In response to:
Unsafe at Any Speed from the October 30, 1975 issue
To the Editors:
In the course of a most knowledgeable and generous review [NYR, October 30], Dr. Norman Zinberg misread Cocaine: Its History, Uses, and Effects on a point which, though minor, requires clarification inasmuch as it places me in a camp to which I do not belong. He cites me as being “cautiously optimistic” about the cocaine research being done under the auspices of the National Institute for Drug Abuse. I am not. On the contrary, I made the point (p. 162) that those most likely to receive NIDA contracts lacked personal knowledge of the drug and thus were incapable of accurately interpreting whatever data they developed. I also noted (pp. 166-169) that what renders the great mass of such organized drug research invalid is a combination of three factors: an inappropriate reliance on the methods of pharmacology, inappropriate because the most significant effects of psychoactive drugs are subjective and not susceptible to pharmacological analysis; moral bias; and self-interest.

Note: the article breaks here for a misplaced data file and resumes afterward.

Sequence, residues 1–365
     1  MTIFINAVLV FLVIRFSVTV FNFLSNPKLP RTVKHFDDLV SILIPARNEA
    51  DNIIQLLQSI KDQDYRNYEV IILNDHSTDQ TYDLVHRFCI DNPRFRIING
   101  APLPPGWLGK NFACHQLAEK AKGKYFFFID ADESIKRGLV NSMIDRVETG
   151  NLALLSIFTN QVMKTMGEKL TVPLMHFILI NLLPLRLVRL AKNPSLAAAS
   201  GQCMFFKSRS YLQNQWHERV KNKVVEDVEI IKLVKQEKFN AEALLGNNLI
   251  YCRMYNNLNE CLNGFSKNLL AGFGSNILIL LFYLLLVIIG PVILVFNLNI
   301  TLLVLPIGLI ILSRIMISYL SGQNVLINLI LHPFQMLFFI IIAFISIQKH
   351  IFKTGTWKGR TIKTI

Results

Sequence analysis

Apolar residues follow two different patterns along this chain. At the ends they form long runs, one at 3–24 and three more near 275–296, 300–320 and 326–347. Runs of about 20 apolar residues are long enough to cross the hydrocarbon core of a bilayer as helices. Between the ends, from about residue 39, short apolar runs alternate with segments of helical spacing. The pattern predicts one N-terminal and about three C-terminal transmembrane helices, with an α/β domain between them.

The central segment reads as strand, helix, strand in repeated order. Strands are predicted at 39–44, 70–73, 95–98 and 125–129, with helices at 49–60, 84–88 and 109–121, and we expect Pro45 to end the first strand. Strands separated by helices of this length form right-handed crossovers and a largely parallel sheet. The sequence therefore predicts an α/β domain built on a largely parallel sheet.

New York City
Norman E Zinberg replies:
I must apologize to Mr. Ashley. The points he reiterates were indeed clear in his book. My omission undoubtedly occurred as a result of my noting that permitting and encouraging any research at all with cocaine represented a change and that almost any change toward more work with the drug might increase our useful knowledge.